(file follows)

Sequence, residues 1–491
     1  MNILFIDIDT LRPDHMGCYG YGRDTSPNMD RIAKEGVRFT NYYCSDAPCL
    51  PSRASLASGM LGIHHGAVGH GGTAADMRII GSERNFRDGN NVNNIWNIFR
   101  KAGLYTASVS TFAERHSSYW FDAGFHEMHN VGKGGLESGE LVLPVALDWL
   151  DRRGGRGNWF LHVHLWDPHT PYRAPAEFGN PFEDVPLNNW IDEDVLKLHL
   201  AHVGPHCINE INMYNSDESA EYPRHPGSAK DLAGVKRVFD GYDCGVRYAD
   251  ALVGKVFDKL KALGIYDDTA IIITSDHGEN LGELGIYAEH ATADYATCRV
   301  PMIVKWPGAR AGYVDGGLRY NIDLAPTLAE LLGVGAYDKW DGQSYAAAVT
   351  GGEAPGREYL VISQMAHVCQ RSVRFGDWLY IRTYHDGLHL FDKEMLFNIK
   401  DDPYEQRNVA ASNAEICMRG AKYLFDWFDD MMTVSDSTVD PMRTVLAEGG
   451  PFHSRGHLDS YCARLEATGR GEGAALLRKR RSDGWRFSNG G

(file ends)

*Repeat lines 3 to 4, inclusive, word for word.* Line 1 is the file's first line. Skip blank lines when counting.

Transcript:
    51  PSRASLASGM LGIHHGAVGH GGTAADMRII GSERNFRDGN NVNNIWNIFR
   101  KAGLYTASVS TFAERHSSYW FDAGFHEMHN VGKGGLESGE LVLPVALDWL